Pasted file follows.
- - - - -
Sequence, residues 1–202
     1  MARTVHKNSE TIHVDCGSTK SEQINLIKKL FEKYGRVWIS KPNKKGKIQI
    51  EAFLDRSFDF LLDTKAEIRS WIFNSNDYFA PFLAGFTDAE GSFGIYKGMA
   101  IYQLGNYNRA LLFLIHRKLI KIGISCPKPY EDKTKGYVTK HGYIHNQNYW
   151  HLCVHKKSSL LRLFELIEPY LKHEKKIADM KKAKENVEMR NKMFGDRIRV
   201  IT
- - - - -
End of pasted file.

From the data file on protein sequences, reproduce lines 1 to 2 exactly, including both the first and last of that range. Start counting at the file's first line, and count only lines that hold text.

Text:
Sequence, residues 1–202
     1  MARTVHKNSE TIHVDCGSTK SEQINLIKKL FEKYGRVWIS KPNKKGKIQI